Immigration Reform Republicans Face Re-election

Some Republicans stand ready to negotiate with Democrats and settle on a bi-partisan reformation of U.S. immigration law. However, this compromising attitude is in peril, as the prospect of a re-election could replace these Republicans with more conservative members less willing to negotiate on the issue.

These same compromising Republicans face the peril of being replaced simply for their party lines. 27.3 million Latinos are qualified to vote in this year’s election, according to the Pew Research Center, constituting a record 11.9 percent of eligible voters. Latino organizations have been focused on encouraging turnout in a year some speculate could make Hispanic voters an electoral heavyweight for years to come.

This shift on its own has lead Republican Congress members to change their points of view just to survive in office. Representative Mike Coffman of Colorado, for example, voted in his first term against a bill to create a path to legalization for young people who came to the United States as children. But when his constituency shifted from one in ten Latino residents to one in five, he quickly shifted positions and is now one of at least a dozen Republicans pushing for broad immigration legislation as soon as next year.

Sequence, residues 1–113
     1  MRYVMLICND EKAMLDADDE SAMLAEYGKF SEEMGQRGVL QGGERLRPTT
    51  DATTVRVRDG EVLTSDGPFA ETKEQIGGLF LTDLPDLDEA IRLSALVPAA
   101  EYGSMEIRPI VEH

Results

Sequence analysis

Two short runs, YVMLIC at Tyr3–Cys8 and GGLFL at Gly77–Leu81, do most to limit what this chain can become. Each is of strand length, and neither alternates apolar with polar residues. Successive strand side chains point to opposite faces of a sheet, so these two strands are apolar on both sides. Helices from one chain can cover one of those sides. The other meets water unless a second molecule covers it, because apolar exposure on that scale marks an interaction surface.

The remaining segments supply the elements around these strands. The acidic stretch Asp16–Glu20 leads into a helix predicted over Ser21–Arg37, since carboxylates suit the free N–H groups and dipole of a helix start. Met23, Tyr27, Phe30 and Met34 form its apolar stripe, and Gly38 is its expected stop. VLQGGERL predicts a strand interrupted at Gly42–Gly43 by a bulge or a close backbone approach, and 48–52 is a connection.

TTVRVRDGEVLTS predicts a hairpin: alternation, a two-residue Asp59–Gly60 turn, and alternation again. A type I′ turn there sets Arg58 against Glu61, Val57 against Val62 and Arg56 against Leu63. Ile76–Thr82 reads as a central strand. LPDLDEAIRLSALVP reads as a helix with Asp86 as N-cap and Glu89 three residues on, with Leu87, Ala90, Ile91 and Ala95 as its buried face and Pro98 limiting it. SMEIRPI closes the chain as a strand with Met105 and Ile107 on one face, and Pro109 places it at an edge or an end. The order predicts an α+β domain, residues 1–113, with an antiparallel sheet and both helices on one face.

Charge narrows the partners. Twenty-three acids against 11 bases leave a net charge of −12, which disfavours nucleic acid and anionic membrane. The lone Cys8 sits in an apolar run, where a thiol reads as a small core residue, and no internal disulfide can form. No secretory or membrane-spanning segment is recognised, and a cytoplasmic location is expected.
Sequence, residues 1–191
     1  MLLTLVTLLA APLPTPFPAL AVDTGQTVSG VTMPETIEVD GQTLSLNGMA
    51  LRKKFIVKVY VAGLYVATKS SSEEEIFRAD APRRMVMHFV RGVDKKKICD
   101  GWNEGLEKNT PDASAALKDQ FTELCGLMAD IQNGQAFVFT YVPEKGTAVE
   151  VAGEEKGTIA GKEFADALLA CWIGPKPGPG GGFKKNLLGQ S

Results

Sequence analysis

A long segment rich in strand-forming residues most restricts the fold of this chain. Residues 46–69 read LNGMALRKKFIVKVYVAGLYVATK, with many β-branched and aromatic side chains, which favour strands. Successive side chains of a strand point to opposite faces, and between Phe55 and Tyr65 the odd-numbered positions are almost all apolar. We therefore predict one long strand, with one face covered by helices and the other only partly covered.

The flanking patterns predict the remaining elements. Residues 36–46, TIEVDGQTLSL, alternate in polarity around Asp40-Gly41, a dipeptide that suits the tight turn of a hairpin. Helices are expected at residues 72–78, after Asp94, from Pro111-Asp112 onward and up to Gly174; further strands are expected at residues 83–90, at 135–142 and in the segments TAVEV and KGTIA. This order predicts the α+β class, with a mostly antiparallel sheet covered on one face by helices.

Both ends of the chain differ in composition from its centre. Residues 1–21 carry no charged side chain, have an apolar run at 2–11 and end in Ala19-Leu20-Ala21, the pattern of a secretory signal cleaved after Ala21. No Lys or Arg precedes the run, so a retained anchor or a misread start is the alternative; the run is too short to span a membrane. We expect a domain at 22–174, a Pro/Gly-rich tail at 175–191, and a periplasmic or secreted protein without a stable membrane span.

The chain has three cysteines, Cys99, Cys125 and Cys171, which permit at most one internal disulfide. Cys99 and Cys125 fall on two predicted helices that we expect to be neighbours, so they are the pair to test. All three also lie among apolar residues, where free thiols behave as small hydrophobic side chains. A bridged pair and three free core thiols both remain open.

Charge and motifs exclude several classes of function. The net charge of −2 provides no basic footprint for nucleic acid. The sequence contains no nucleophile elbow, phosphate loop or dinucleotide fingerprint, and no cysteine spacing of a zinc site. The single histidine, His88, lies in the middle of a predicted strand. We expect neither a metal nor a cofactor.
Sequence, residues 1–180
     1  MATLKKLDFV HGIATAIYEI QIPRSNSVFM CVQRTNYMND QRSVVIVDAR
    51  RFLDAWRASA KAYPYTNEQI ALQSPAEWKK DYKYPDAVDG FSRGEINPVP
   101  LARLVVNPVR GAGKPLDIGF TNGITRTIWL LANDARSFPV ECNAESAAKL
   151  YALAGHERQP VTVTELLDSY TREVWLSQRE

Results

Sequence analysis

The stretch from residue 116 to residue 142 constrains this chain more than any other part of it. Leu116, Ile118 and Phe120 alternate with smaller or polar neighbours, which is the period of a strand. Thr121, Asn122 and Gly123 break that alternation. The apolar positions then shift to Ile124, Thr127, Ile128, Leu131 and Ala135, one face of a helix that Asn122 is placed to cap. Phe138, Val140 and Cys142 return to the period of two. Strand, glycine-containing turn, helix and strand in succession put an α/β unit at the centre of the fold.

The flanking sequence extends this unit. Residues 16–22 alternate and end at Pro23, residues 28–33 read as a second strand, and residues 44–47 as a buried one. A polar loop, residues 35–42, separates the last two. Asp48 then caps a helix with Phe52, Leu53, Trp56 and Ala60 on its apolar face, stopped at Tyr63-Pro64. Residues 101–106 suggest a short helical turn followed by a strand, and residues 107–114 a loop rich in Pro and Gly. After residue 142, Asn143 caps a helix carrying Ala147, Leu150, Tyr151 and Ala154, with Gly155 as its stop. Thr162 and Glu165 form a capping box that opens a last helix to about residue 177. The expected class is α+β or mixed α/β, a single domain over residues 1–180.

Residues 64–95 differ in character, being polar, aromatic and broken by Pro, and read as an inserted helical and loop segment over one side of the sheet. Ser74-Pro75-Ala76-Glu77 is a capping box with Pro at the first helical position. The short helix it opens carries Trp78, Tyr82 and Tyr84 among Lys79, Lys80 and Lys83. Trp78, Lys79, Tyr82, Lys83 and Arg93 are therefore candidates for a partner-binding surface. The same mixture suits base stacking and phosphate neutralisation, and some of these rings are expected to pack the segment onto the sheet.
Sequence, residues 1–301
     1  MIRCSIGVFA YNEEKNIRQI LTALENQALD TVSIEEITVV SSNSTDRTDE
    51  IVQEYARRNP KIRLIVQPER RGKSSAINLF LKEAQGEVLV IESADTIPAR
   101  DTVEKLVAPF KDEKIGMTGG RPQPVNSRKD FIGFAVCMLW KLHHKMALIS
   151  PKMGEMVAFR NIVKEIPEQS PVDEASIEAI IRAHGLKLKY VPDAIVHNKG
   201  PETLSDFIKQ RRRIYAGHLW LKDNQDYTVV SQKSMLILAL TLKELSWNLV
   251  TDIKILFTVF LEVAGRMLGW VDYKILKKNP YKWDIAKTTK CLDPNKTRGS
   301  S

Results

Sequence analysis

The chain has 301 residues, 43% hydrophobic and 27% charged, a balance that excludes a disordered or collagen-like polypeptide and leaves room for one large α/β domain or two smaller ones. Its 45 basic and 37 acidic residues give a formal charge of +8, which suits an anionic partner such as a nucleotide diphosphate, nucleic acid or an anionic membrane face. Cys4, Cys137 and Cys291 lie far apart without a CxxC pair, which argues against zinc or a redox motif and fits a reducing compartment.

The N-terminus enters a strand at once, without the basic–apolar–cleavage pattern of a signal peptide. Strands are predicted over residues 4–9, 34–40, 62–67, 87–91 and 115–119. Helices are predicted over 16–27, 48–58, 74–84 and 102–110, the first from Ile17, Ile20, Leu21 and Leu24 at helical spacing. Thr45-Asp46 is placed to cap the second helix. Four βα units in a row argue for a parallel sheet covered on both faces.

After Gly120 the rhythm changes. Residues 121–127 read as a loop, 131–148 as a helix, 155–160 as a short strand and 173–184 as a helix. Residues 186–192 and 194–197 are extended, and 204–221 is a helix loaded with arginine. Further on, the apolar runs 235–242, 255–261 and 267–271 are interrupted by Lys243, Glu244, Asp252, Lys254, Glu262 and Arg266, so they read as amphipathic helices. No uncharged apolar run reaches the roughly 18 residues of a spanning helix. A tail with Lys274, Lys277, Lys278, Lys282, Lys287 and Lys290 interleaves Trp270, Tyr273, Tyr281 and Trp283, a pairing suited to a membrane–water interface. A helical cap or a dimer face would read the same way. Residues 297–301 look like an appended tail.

Coffman and the other Republicans may not get a next year, since voters would inevitably relate these more moderate Republicans with Donald Trump.

Representative Robert J. Dold, a Republican also taking part in the reforming group, represents a heavily Democratic district in Illinois with 59,000 voting Latinos making up 11.2 percent of the electorate – not an insignificant number considering Dold defeated the Democratic contender by a margin of 5,000 votes, when Latinos only casted 13,500 votes.

Dold, along with other Republican representatives, rebuked and distanced themselves from Trump and his extremist speech. Ali Noorani, executive director of the National Immigration Forum, sees the fact that even Trump’s own party will recoil from his policies and statements as a positive, and attributes this call for compromise mainly to Trump’s polarizing power.